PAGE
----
It is a phenomenon that occurs every year, and no one seems to know why: On Sunday, clocks were moved back an hour as daylight-saving time ended, and on Monday morning Southern Californians found themselves locked in horrendous traffic jams.
"It happens every year," said Bill Keene, a 14-year veteran of freeway traffic reporting in the region. "You can always count on some of the heaviest traffic of the year with the time change, more so with this change than with the one in the spring. I can't tell you why, but it happens.
"This morning it was a particularly brutal day from the time I got in (at 5 a.m.). There were constant complaints of bumper-to-bumper traffic. That's unusual, even for a Monday."
At Caltrans' traffic operations center in downtown Los Angeles, an electronic board that monitors traffic flow indicated numerous traffic snarls.
"We don't have an explanation, it's just due to a lot of traffic," said Margie Tiritilli, spokeswoman for the department. "Since the weather is nice, we certainly can't say it's due to wet or rainy weather, so it may be that people didn't set their clocks back for whatever reason. But it's going to get worse this evening. It always does."
Indeed, Caltrans reported that the homebound commute began haltingly half an hour earlier than usual. Officials offered no explanation.
Lt. Dennis Sterling, who is in charge of the traffic coordination section for the Los Angeles Police Department, said police anticipated more accidents Monday night--"I guess because people aren't used to going to home in the dark."
The city's Department of Transportation was also braced for a hectic commute.
"What we anticipate is this evening, during the peak hours, there will be more cars on the freeway," said Kaye Beechum, a parking enforcement manager for the city. "A lot fewer people car-pool, for whatever reason. Maybe they don't want to car-pool when the time changes, possibly just because it's darker. I don't understand why. This happens once the time changes, but we don't see the same phenomenon in the spring."
The crunch wasn't restricted to automobile traffic. The Rapid Transit District reported more bus riders hopping on buses earlier in the morning than usual, said John Hilmer, acting manager of operations planning for RTD.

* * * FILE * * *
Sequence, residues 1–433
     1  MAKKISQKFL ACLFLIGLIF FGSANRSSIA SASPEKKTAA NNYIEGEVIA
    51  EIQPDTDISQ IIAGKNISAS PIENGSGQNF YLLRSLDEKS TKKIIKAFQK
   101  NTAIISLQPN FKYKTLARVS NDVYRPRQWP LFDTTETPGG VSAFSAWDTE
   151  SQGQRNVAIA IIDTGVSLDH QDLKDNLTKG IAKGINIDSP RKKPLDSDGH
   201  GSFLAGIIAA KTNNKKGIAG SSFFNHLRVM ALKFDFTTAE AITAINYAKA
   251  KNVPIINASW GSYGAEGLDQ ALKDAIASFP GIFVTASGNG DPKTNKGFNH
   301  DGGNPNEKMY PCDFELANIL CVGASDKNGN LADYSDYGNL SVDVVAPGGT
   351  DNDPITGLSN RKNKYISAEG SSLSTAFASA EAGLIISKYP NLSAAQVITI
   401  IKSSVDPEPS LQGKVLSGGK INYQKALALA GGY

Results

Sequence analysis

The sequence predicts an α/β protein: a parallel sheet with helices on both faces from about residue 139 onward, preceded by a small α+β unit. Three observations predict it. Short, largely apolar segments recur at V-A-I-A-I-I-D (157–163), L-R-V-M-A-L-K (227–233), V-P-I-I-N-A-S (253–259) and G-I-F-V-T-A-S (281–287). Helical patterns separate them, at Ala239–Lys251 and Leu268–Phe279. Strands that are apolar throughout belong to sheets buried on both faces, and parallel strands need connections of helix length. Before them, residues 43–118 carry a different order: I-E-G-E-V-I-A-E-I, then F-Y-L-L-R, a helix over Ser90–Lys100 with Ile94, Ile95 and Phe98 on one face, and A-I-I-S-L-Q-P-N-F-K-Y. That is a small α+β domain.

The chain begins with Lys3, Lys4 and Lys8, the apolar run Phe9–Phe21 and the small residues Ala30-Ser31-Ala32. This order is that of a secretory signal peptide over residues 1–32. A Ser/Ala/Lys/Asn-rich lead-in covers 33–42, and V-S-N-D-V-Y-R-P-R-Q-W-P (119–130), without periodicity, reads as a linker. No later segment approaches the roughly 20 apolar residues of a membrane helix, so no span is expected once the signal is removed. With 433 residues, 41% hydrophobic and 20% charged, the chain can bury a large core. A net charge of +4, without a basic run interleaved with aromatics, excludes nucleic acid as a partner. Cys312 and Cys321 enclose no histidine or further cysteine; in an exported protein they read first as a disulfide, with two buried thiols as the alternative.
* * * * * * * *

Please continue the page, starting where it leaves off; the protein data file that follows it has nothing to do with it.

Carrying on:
"My supposition is that people are awake earlier and they will want to get to the office a little earlier," he said. "That's not me, though. If I wake up a little earlier, I want to do things around the house instead of going to work earlier. But, yes, generally that will occur. It's not a substantial amount, but there is a noticeable shift to slightly earlier."
In turn, he said, there will be more riders returning home on earlier trips, possibly because commuters want to avoid getting home in the dark, he said.
Chaytor Mason, a USC psychologist, said that there are slight adjustments to make on the first day of returning to the working world after the clock has been turned back one hour.
"It's not really too bad--one hour. But if you want to nit-pick, it is a little different," he said. "There is some problem in that we do use different cues in the daytime than we do in the dark, so it may take a little time to shift over. People may be likely to miss off-ramps, for example. You might make more mistakes, but nobody gets killed as a result of it, really."
Linda Glazner, an assistant professor at the UCLA School of Nursing, who has studied sleep patterns, said that if there are differences in traffic patterns, there is no evidence to show they are related to the change in daylight-saving time.
"Maybe it's just because it's the fifth Monday of the month," she said.